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What About Alternatives to Cap-Subject H-1B Petitions?

by | Jan 1, 2015 | FAQ, Immigration

FAQ: Alternatives to Cap-Subject H-1B Petitions

While many foreign nationals might have to wait until next April for another chance at H-1B status, the following options should be considered for affected employees:

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H-1B’s that are Cap-Exempt

These include petitions for employment at an institution of higher education, or a related or affiliated nonprofit entity, nonprofit research organization, or governmental research organization and physicians on J-1 visas who receive H-1B status through the Conrad 30 program on the basis of agreeing to work in medically under served areas for three years.

H-1B visas are also available for beneficiaries filing for amendments, extensions, and certain employment transfer.

STEM/OPT Extension and F-1/CPT

A 24-month optional practical training (OPT) for foreign nationals with advanced U.S. degrees in designated Science, Technology, Engineering or Math (STEM) fields. A 7-month OPT extension for those currently using the 17-month extension.

The new 24-month STEM OPT rule allows DHS to designate “related fields” on the STEM list. “In general, related fields will include fields involving research, innovation, or development of new technologies using engineering, mathematics, computer science, or natural sciences (including physical, biological, and agricultural sciences).”

To qualify for the STEM/OPT, employers must be enrolled in E-Verify and complete an individualized Form I-983 “Mentoring and Training Plan”. Students must work with their DSO to file for the STEM/OPT benefit.

Foreign students should also look in continuing in F-1 status and explore with their DSO internship opportunities under curricular practical training (CPT).

Visas for Professionals from Canada, Mexico, Australia, Chile and Singapore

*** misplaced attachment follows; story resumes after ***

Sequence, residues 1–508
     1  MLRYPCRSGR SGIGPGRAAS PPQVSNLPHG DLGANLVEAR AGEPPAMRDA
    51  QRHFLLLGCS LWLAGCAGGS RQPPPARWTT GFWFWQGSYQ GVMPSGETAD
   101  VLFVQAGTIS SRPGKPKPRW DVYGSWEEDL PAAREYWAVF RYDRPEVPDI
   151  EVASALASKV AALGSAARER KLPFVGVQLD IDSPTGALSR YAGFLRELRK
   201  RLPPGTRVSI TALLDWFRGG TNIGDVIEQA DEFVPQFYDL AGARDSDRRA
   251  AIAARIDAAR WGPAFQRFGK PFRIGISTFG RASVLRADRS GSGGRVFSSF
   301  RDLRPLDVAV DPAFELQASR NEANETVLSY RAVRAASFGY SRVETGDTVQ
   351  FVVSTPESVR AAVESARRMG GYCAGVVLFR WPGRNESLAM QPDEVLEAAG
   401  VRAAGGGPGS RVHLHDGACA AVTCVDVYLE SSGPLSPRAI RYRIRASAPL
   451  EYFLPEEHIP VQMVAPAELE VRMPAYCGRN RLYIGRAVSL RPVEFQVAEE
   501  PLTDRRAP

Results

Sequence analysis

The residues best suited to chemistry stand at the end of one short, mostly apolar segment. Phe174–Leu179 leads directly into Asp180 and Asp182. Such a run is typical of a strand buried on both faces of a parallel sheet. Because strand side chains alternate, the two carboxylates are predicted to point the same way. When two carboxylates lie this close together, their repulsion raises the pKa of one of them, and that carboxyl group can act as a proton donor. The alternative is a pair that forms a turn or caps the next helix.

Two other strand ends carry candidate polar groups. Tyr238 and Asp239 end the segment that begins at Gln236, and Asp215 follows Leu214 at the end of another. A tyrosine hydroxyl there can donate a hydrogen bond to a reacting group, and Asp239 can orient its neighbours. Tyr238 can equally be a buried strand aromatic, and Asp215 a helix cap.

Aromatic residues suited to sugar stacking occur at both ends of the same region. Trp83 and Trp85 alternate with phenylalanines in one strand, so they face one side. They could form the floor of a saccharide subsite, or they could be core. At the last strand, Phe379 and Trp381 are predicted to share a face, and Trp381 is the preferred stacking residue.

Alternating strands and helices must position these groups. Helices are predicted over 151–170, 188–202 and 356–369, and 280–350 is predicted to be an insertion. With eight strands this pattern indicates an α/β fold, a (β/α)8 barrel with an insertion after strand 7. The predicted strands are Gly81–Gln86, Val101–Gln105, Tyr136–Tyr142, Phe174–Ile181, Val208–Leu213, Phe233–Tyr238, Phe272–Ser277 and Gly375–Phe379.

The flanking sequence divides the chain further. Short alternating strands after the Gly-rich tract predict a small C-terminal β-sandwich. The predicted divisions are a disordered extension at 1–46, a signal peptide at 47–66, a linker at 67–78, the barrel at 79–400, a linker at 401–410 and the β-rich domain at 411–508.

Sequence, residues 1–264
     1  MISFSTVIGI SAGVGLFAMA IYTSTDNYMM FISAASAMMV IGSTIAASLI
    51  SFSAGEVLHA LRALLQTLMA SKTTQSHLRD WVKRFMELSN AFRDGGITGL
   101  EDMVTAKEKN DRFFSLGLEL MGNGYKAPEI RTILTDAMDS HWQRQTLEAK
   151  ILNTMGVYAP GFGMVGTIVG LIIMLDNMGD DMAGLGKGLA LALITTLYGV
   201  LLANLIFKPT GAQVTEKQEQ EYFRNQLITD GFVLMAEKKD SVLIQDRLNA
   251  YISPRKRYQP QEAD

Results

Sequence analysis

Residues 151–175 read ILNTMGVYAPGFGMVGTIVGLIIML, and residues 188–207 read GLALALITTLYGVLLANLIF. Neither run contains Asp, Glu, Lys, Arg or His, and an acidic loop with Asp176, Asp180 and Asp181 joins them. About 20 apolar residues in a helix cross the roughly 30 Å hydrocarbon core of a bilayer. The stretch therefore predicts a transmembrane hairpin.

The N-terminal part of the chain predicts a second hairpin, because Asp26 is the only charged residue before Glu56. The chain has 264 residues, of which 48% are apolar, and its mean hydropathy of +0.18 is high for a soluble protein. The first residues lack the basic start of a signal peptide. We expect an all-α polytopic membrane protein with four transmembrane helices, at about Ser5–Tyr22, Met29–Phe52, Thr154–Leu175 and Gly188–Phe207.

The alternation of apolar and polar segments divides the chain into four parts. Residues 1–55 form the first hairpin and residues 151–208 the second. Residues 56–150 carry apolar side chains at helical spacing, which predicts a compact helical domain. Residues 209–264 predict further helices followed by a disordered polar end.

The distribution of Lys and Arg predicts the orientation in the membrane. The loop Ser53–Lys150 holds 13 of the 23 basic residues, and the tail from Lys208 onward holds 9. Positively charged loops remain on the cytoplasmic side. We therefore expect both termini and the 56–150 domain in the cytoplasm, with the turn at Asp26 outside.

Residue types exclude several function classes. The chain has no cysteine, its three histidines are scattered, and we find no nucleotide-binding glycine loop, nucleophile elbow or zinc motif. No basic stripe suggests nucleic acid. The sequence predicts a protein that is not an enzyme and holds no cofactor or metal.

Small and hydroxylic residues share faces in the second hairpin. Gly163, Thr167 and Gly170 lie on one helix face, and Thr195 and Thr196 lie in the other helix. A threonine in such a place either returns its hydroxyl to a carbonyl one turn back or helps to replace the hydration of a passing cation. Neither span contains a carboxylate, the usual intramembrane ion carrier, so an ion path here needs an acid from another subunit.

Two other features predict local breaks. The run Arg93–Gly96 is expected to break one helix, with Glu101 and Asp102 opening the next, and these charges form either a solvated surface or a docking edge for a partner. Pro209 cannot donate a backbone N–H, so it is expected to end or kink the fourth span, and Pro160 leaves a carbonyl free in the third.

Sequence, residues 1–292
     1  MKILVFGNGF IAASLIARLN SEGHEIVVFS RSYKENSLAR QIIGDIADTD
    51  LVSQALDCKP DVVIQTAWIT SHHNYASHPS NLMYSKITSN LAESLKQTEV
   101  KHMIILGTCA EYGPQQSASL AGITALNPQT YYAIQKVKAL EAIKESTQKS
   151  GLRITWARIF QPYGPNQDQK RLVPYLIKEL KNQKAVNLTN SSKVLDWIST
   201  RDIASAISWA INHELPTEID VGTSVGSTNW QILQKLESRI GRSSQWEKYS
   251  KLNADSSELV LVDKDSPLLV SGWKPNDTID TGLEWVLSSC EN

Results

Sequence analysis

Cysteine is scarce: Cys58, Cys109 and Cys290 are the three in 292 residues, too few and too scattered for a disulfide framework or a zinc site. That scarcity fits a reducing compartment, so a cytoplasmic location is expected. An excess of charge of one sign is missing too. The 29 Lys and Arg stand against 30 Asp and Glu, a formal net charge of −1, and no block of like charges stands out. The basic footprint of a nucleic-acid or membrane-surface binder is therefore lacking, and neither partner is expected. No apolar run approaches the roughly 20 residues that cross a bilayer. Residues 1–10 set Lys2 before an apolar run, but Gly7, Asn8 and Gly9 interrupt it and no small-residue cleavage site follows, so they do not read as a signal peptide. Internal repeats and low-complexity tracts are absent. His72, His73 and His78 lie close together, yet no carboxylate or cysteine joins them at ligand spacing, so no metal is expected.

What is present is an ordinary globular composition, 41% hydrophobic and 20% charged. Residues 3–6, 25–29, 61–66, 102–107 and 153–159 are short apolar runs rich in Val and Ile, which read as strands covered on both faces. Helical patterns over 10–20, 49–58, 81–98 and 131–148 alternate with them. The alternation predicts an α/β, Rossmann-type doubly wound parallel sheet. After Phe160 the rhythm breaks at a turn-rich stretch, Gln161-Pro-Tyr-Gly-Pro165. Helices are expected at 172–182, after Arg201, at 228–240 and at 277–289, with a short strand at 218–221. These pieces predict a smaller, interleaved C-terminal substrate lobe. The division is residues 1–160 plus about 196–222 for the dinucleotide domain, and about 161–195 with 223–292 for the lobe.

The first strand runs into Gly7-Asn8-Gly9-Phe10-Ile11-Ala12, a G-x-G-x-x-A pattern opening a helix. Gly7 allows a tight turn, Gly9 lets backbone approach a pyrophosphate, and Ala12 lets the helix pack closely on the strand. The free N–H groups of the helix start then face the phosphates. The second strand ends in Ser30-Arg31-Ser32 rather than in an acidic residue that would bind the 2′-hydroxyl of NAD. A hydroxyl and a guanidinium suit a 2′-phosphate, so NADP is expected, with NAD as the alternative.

Certain Canadian and Mexican professionals might qualify for a TN visa available under the NAFTA. To qualify, the foreign national must have the required nationality, be offered a temporary position by a U.S. employer in one of the professions specified in Appendix 1603.D.1 of NAFTA and possess the degree or credentials required under NAFTA for the position.

Nationals of Australia should consider the E-3 visa and nationals of Chile and Singapore should consider the H-1B1 visa.

Other Work Visa Categories

The L-1 visa, intra-company transferee, is available to certain employees who have worked for a parent, branch, subsidiary or affiliate of the U.S. employer outside of the U.S. To qualify, the immigrant must have worked for at least one consecutive year full time in the prior three years. The employer must seek to transfer the employee to the U.S. to work as a manager/executive or specialized knowledge professional.

The O-1A is available to individuals who can demonstrate extraordinary ability in the sciences, education, business or athletics. The evidence must show that the candidate is among the small percentage of people who have risen to the very top of their field of endeavor, as demonstrated by sustained international or national recognition for their achievements in the field.

The E-1 or E-2 is available to principals and employees of companies whose country of majority ownership has a treaty of commerce with the U.S. E-1 treaty trader status is available to businesspersons who seek to engage in substantial trade in goods or services. The E-2 treaty investor status is available to individuals who seek to develop and direct the operations of a business in which the foreign national or his/her employer has invested or is in the process of investing a substantial amount of capital.


Unfortunately, the currently insufficient number of H-1B visas for highly skilled temporary workers and limited number of alternatives is creating significant challenges for U.S. employers that rely on foreign workers, particularly in the high technology and health care industries. Early planning, creativity and flexibility are critical.

We will continue to monitor and provide updates on further developments in immigration law, including any potential changes to the H-1B program and visa availability.



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